Today, the Office of Consumer Affairs and Business Regulation hosted a press conference to discuss the top five scams that confronted consumers in 2009. Along with information from our office, the Better Business Bureau, Attorney General’s Office and Federal Trade Commission shared their top five lists this morning. This was part of our effort to inform and educate the public during National Consumer Protection Week.
Topping our list of consumer issues is Home Improvement Contracting. While our office only took over regulation of contractors last July, we have already received enough complaints to make it our most prevalent consumer issue. The next two categories of complaints on our list were regarding auto insurance and health insurance; complaints usually came in the form of issues with claims and general questions about benefits. In addition, we received enough calls from consumers regarding Lemon Law and foreclosure assistance issues in 2009 to make them number four and five on our list.
The sometimes destructive results of scams hit home today when speakers who were directly affected by some of our top complaints spoke at the press conference. Raymond DiCiaccio (photo right, with a check from the Guaranty Fund), a consumer from Attleboro, spoke about his experience when he hired a contractor who left fully paid without finishing the job. After going through the Office of Consumer Affairs, Mr. DiCiaccio received $10,000 from our Guaranty Fund, helping him recover some of the money he would have lost.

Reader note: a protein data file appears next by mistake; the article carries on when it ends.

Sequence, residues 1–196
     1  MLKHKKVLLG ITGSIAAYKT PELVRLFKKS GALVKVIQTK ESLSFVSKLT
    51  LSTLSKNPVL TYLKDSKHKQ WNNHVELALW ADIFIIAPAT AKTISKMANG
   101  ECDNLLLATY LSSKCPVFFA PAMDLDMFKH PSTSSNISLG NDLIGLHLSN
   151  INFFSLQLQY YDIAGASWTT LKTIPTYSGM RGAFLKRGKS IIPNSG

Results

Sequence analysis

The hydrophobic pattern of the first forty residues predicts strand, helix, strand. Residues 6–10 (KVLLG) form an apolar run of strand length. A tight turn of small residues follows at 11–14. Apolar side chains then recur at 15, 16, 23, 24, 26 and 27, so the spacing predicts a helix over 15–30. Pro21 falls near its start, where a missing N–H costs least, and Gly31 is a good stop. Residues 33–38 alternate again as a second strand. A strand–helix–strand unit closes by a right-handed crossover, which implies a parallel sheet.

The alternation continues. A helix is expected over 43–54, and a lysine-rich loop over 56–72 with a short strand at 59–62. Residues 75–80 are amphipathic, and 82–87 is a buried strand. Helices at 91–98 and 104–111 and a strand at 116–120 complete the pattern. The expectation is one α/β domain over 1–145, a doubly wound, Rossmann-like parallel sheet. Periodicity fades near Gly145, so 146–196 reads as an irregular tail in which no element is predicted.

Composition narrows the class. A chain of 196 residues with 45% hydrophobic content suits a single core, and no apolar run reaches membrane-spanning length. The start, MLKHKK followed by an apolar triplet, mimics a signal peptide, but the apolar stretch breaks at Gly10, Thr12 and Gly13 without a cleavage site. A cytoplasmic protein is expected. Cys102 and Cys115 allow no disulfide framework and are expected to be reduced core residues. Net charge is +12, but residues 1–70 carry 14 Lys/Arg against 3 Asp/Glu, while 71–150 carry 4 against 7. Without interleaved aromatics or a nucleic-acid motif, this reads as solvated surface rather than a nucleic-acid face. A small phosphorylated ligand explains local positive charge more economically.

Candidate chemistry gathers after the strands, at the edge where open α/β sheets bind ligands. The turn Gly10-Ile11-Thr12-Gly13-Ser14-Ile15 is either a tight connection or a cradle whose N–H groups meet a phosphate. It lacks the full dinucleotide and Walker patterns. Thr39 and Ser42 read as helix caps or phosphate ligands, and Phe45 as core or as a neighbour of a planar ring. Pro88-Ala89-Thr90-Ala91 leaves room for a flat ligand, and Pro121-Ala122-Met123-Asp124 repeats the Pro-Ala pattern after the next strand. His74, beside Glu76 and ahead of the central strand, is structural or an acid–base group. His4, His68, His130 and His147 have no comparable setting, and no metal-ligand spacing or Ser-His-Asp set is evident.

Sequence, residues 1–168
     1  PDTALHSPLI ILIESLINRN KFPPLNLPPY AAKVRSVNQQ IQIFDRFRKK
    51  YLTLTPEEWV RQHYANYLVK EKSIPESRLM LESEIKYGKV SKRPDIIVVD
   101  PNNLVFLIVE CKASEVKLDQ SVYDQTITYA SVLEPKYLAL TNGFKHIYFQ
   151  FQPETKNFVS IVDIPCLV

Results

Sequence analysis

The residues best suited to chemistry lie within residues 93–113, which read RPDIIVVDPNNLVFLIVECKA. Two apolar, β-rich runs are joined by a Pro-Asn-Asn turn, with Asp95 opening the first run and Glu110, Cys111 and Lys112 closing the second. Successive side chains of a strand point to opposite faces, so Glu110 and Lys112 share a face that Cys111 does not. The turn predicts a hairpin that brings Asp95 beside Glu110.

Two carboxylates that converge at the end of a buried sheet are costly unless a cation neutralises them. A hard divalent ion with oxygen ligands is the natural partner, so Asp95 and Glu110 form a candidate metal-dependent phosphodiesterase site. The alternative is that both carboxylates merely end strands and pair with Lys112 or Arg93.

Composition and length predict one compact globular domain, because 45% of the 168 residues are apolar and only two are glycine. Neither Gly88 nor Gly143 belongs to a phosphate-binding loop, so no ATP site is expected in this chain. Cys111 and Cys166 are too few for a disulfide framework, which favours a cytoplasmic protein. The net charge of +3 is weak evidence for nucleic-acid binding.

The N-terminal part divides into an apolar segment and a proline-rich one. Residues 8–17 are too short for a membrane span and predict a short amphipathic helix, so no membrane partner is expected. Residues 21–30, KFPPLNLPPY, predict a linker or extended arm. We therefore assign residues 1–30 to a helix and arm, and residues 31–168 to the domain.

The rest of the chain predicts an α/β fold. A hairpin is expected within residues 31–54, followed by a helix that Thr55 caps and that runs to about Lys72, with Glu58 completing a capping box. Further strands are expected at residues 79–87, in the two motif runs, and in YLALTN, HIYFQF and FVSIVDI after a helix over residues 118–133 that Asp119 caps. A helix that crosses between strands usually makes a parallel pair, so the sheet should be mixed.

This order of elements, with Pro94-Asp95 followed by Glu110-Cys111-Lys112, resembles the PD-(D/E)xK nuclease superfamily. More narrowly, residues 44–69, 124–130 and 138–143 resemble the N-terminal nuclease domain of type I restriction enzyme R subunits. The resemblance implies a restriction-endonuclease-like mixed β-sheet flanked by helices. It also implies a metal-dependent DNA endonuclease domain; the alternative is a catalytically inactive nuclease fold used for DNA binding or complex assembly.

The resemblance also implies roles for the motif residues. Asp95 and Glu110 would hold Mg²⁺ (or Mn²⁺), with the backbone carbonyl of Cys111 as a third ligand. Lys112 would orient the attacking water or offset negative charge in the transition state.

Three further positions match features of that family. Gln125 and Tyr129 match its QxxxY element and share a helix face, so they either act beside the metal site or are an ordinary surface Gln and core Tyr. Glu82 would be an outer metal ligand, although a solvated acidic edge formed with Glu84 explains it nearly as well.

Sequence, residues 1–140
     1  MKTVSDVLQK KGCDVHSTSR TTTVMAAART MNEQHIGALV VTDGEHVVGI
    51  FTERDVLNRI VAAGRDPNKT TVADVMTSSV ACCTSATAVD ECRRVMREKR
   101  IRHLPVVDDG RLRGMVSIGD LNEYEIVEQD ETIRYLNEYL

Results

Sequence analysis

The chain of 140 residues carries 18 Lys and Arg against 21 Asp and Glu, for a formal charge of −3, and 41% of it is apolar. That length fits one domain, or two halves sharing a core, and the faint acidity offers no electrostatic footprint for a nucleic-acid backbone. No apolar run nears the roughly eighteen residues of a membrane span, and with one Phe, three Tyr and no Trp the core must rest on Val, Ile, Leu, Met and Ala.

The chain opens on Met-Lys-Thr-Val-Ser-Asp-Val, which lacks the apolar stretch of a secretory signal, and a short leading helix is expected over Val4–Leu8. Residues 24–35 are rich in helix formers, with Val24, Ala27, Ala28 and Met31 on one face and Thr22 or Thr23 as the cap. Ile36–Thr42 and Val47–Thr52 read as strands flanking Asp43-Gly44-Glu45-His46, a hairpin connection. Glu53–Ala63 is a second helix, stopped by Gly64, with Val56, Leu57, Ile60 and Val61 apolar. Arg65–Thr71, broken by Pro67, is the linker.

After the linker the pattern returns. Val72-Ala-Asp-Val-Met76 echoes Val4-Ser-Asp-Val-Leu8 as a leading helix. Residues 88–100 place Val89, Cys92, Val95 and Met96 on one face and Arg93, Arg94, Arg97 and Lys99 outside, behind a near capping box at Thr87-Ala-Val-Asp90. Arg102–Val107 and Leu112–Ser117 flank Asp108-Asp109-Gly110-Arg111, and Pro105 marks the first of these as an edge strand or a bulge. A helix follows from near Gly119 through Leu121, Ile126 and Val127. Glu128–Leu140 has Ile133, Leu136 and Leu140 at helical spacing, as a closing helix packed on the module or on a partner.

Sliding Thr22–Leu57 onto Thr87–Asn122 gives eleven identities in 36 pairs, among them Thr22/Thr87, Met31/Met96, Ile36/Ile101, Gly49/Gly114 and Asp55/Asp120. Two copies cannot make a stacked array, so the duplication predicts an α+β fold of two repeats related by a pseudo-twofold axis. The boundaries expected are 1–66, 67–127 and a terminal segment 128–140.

Another consumer, Patricia Gordon, also spoke today about her experience with our fourth most prevalent issue, Lemon Law complaints. Ms. Gordon, after months of back-and-forth with her auto dealer, won in arbitration through our office and was eligible to receive a refund on her newly purchased used car that clearly turned out to be a “lemon.”
While our partner’s top complaints extended to issues with identity theft, new-automobile dealers, and time share resellers, there was certainly one common theme: if it sounds too good to be true, it probably is. Our goal this morning was to educate consumers in Massachusetts and with the help of our partners who shared tips and the consumers that told their stories, I hope that throughout the state, consumers will be more aware of the issues they face daily and the vast amount of resources at their disposal.
Warning for College Students posted on Apr 24
College students at Boston University have been targeted by scammers while using ATMs along Commonwealth Avenue. The students report being approached by individuals who offer a check in exchange for cash. The scammer claims that he is having trouble accessing his bank account (or …Continue Reading Warning for College Students
Buying a car on Craigslist? Know who you are buying from! posted on Apr 21
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Bringing Down the Hammer on Bad Contractors posted on Apr 19
Massachusetts law requires any contractor performing certain home improvement work to an existing, one-to-four unit, owner-occupied home to register as a Home Improvement Contractor with the Office of Consumer Affairs and Business Regulation. The law regulates the practices of home improvement contractors and provides …Continue Reading Bringing Down the Hammer on Bad Contractors